This year is one of those milestone birthdays for Dr. Wifey — one she finds particularly upsetting to contemplate. I have, therefore, been casting about for inspiration on what to get her to take the edge off and coax out a smile. Given my typical lack of creativity, nothing was springing to mind and the clock was ticking. I was contemplating this as I sat down at Carmody Ford, waiting for them to do an inspection on her red car, which had also achieved a milestone in mileage.
On a whim, I went into the showroom, sat down and talked to Craig, who sells me all my cars. Dr. Wifey is sort of picky about things like heated seats, adjustments that allow her to see over the steering wheel, moon roofs and the like. I gave him my list of gotta haves and asked that he see what he could find around. I realized something with exactly those features would probably take some searching. He said, yeah, it would probably be a tough search but why didn’t I just turn around in my chair.
Turns out the showroom model, sitting about 6 feet from me, was exactly perfect. We made the deal and Dr. Wifey got two things. First was a new car for her birthday, something I always wanted to do but the timing never worked out. Secondly, she got her present almost a week early.
This is something she has worked on for as long as I have known her — trying to get her presents before the actual event. I always felt this a ploy to make me feel guilty when the actual date came so I would get something additional. That will probably happen again this time too, but I am still boggled by the virtual immediacy from the time I got the idea to it coming to fruition.
Maybe there is a recurring theme here. Just yesterday, I stopped up to Brian McWhorter’s to drop off a final quart of blueberries I owed him. We were talking about farming stuff in general and how hard it has been to keep up with weeds this year in particular. Nothing grew much during the hot dry period. The blueberries were a great example.
The bees worked hard and there were lots of berries this year, however, they were all small. I have taken great pride in the quarter-sized restaurant berries we grow and this year, there was nothing to be proud of at all. It took about an hour a quart to fill the baskets with those little berries — yielding pay of about a third the starting rate of a fast food job. More interesting was the fact the crop did not progress much until the first rainstorm and then nearly everything was ripe within 24 hours.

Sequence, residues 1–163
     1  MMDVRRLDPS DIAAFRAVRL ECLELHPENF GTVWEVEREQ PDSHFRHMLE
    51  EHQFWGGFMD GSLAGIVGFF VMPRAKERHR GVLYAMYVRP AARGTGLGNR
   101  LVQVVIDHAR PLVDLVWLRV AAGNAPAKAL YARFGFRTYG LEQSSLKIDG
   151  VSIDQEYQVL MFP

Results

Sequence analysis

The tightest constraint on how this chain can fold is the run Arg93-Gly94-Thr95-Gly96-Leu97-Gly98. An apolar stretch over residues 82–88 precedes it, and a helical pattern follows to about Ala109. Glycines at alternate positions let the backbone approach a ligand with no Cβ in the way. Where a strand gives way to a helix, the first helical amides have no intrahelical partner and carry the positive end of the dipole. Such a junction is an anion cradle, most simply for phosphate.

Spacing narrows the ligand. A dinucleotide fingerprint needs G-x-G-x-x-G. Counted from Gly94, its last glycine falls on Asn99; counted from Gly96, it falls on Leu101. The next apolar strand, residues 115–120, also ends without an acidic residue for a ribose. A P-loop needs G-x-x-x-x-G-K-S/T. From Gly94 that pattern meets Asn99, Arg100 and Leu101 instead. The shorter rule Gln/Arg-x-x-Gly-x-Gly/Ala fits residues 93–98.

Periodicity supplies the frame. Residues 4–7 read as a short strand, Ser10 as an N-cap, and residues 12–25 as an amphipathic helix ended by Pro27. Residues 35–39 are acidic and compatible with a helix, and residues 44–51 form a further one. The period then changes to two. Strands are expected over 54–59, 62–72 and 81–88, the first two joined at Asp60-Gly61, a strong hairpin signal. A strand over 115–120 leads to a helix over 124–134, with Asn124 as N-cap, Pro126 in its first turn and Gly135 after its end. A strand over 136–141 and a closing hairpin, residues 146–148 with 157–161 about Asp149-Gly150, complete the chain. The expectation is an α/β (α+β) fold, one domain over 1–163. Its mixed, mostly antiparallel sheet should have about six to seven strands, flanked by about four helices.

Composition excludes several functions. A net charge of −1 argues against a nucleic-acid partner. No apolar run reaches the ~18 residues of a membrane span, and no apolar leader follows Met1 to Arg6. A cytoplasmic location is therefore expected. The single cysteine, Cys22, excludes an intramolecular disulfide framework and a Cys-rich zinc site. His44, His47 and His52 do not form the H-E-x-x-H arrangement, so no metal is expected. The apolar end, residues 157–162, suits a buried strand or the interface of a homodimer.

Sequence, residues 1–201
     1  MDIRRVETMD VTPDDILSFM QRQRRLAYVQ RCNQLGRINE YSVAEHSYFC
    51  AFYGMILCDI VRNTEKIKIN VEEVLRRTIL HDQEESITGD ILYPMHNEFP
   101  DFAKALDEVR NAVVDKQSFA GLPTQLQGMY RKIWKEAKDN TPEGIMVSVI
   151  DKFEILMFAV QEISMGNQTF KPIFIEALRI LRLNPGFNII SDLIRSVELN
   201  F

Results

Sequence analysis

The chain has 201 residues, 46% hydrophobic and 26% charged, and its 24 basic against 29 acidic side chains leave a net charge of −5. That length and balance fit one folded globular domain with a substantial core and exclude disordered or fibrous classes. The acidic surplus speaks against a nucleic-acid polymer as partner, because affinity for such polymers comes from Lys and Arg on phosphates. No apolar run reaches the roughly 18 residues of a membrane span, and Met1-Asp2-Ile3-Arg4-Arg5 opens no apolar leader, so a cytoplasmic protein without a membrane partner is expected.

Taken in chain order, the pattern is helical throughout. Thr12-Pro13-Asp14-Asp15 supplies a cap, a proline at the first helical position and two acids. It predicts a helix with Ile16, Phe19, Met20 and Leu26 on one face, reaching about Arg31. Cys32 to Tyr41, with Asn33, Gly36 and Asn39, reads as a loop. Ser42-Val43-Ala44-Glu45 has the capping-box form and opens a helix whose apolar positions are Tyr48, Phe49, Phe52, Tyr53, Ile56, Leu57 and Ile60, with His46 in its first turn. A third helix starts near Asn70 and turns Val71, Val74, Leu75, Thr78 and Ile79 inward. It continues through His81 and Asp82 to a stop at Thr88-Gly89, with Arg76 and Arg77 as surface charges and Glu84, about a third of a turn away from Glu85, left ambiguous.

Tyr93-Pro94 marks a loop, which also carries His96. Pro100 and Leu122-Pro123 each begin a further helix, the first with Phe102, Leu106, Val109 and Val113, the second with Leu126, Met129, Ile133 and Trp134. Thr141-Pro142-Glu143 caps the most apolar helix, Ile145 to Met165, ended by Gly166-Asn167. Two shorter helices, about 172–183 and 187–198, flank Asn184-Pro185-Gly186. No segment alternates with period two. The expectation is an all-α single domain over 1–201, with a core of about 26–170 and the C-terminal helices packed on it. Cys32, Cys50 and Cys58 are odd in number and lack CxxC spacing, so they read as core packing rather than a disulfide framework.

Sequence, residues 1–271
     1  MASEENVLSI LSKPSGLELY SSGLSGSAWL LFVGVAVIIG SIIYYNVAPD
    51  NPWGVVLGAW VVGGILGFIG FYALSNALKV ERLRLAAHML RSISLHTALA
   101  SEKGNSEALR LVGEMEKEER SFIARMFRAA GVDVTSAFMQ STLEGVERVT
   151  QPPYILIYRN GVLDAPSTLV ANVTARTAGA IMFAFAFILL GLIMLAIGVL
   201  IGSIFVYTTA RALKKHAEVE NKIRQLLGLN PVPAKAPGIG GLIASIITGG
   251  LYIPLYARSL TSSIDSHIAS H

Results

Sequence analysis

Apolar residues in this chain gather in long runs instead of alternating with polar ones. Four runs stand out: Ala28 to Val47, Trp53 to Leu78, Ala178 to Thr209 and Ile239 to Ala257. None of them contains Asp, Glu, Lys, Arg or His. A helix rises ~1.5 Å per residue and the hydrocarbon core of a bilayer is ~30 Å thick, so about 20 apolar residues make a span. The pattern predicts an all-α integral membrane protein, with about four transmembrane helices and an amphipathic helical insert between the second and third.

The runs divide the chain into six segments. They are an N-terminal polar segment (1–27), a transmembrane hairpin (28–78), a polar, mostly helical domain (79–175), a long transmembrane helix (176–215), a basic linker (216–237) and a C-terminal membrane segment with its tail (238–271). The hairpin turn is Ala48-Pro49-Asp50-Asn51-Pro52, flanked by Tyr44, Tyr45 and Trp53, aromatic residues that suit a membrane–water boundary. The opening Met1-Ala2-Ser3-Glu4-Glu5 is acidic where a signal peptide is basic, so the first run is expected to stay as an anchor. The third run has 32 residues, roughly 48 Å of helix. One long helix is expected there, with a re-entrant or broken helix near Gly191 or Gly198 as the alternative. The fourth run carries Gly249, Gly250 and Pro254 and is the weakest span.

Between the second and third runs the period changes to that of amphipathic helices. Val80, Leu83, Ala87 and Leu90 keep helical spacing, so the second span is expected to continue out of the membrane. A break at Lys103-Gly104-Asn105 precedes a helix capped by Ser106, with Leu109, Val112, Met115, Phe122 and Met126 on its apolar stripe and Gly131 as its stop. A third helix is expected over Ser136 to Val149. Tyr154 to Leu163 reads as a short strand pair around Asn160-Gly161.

The weeds had a similar pattern. There was nothing in the thick mulch of the tomato patch, until the first rain, and in a day or so, the tomatoes were being shaded out by 3-foot weeds. Of particular issue to Brian was a weed called velvetleaf, which seems to be able to go from zero to 4 feet overnight.
Left alone, velvetleaf will put up stalks as much as 8 feet high. The large, soft leaves that generate its name, are about 8 inches across and similar in length measurement in mature plants. Velvetleaf not only feeds very heavily on nitrates, draining nutrients away from competing plants, it also causes significant damage by shading.
One thing most baffling about velvetleaf is its sudden appearance. A piece of land that has been nothing but grass pasture for an entire generation of farmers is plowed and before the planted crop can germinate, velvetleaf has magically popped up all over the field.
It is not that magical, actually, it is just simply the toughness of the velvetleaf seeds. They can live in the ground as much as 60 years, just waiting for the proper conditions to germinate. The interesting thing is the old seed that has been plowed under, deep in the ground for many decades, when brought back near the surface by a subsequent plowing, seems to be every bit as robust and lively as seed from the previous summer.
Like so many other noxious things, velvetleaf was released on this continent on purpose. Originally a native of India, someone thought the tall, rapid-growing plants might be a good source of bast — plant fibers used in the production of cord and fabric. Turned out it was not good for much, except killing out other commercial crops for, in addition to shading and nutrient sequestering, velvetleaf’s big taproots put out a substance that causes stunting in competing plants. Even though it is listed as a noxious weed and is on quarantine lists in many countries, Germany just did some trials to see if they could produce economical natural fiber from velvetleaf. Turned out they could not — what a shock.
Astonishingly, velvetleaf seed still finds its way into the commercial market in this country, primarily in “sunflower” mixtures. Its one-inch yellow flower is pretty, albeit not really sunflower-like. They are relished by all sorts of bees, but only stay open for a couple of days before wilting and beginning seed production. Seeds are borne in a strange cup-like rosette structure and, as expected by its persistence, are very hard. A plant in full sun can produce new flowers every two or three days so seed production is very rapid. A healthy plant can produce up to 1,700 seeds and in some areas, given the long-term vigor of the seeds, the seed count per acre can be staggering.
This explains the seemingly instantaneous appearance of velvetleaf. Nothing, however, can explain the seemingly instantaneous appearance of a new car for Dr. Wifey’s birthday. Happy birthday Sweetie!
Bob Henke writes a weekly outdoors column for The Post-Star.
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